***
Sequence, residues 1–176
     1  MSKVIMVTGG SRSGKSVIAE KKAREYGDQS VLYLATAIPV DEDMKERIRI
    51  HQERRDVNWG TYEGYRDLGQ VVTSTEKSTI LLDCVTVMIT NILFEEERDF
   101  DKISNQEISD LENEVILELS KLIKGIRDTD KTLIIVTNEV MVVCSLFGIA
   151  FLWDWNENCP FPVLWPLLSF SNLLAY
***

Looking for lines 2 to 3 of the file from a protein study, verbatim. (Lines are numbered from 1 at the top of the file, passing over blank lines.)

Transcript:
     1  MSKVIMVTGG SRSGKSVIAE KKAREYGDQS VLYLATAIPV DEDMKERIRI
    51  HQERRDVNWG TYEGYRDLGQ VVTSTEKSTI LLDCVTVMIT NILFEEERDF